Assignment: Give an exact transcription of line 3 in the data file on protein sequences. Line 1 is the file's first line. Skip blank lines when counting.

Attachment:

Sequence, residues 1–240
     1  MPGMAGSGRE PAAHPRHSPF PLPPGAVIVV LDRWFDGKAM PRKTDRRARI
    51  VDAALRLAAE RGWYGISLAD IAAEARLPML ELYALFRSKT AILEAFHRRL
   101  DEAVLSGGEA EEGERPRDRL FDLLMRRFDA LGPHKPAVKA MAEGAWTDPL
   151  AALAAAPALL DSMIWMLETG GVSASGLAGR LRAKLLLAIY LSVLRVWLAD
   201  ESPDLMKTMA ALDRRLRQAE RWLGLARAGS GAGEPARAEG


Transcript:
    51  VDAALRLAAE RGWYGISLAD IAAEARLPML ELYALFRSKT AILEAFHRRL